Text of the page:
Understanding the complex and fast-moving world of cryptocurrencies, decentralized networks, and blockchain is notoriously difficult. By its very nature, this innovative technology is completely different from our current understanding of what a digital network is and takes time to fully comprehend.
The further down the crypto rabbit hole you delve, the more you realize that it has the potential to reshape our relationship with fundamental concepts like currency, financial value, and digital communities, not to mention basic democracy, truth, and law.
Of course, when tackling such a mind-bending subject, it is best to start with the most popular crypto projects – such as Ethereum.
While Bitcoin is the largest decentralized network by market capitalization and enjoys mainstream fame, Ethereum is only occasionally mentioned, despite being by quite a margin the second largest crypto network in existence.
Once you understand more about Ethereum and how it operates, you will stand a far better chance of developing your knowledge base of the crypto ecosystem.
This is a quick explanation of how Ethereum works:
What is Ethereum?
Ethereum is an open-source and decentralized blockchain network that uses the ETH token to power it.
The Ethereum network is decentralized because it doesn’t actually exist – at least not in one place. Unlike other digital networks that can be sourced to single batches of servers and are directly policed by their engineers, the Ethereum network exists on countless thousand computers worldwide, otherwise referred to as nodes.
These nodes ensure the network stays online, making Ethereum incredibly difficult to attack, tamper with, or censor. After all, the network will technically exist unless you destroy every single node.
In layman’s terms, Ethereum can be viewed as a huge digital ecosystem with its own internal economy. The ETH token serves as the currency, and there are countless projects built on top of the base layer – including Metaverse projects, decentralized finance, NFT markets, and games.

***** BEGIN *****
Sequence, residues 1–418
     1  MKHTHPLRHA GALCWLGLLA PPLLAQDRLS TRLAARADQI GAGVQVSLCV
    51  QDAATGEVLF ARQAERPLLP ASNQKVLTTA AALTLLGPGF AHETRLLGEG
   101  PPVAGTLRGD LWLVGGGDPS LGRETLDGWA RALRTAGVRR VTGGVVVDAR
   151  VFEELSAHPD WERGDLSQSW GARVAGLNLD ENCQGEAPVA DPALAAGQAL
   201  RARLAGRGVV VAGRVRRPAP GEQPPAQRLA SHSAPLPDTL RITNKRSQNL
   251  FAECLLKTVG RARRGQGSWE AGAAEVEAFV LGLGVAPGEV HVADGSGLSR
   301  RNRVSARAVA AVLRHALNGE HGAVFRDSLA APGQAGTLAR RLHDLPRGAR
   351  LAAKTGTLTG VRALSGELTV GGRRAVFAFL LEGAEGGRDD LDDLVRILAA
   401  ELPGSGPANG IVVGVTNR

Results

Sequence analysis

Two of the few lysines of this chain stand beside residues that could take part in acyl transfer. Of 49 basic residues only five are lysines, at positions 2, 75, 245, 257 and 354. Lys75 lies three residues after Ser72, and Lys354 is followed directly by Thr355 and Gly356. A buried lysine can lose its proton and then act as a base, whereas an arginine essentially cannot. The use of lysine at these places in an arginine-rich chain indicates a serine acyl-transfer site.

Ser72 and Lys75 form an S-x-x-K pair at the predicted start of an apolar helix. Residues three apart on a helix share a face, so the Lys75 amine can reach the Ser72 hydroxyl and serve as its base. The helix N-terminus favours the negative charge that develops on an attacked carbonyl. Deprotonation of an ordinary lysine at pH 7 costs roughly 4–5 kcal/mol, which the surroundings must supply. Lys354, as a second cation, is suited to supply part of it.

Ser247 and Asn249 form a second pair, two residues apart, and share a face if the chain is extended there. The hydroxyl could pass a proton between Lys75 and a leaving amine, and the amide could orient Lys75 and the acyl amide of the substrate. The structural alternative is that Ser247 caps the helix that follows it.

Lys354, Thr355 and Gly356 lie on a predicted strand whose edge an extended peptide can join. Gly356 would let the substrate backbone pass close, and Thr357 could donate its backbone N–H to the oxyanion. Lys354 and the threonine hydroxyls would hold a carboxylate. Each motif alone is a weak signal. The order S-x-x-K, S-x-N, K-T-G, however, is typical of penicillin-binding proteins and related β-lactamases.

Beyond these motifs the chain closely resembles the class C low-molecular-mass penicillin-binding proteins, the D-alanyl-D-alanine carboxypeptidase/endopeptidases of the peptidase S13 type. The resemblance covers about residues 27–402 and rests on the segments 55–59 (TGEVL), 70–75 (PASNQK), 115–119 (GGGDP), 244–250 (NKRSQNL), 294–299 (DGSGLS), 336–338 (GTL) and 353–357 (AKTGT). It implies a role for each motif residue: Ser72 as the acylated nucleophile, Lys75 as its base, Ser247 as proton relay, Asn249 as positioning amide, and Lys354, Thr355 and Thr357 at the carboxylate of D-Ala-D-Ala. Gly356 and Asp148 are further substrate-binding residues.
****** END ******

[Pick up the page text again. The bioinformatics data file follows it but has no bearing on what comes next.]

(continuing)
Of course, as a result of this huge popularity and market cap within the crypto sphere, ETH is widely regarded as a desirable cryptocurrency to trade and invest in. If you are interested in monitoring the price of ETH, check out an Ethereum live price index.
Is Ethereum the same as Bitcoin?
In short? No.
While many casual observers perceive Bitcoin and Ethereum to be direct rivals (and thus taking Bitcoin’s far larger market share as an indication that it has won), this is inaccurate and slightly unfair to Ethereum.
The two decentralized networks fulfill two separate purposes. While Bitcoin can be perceived as the future of currency, a store of value, and a store of energy, Ethereum could be seen as the future of the internet.
Although this is a generalization, it highlights just how different the two largest cryptocurrencies are.
This is why Ethereum’s ‘weaknesses’ compared to Bitcoin are not weaknesses and vice versa. For example, Ethereum uses a Proof of Stake consensus mechanism rather than Bitcoin’s Proof of Work. Members of the crypto community argue about which is better, but ultimately, they fulfill different use cases.
How does the underlying network operate?
Rather than relying on third parties to form decisions and ensure the network is functioning correctly, Ethereum uses smart contracts. These contracts essentially place an agreement between two parties into code, thereby sealing it forever.
The network will then form a consensus to act on that agreement, thereby ensuring it is valid without needing a third party.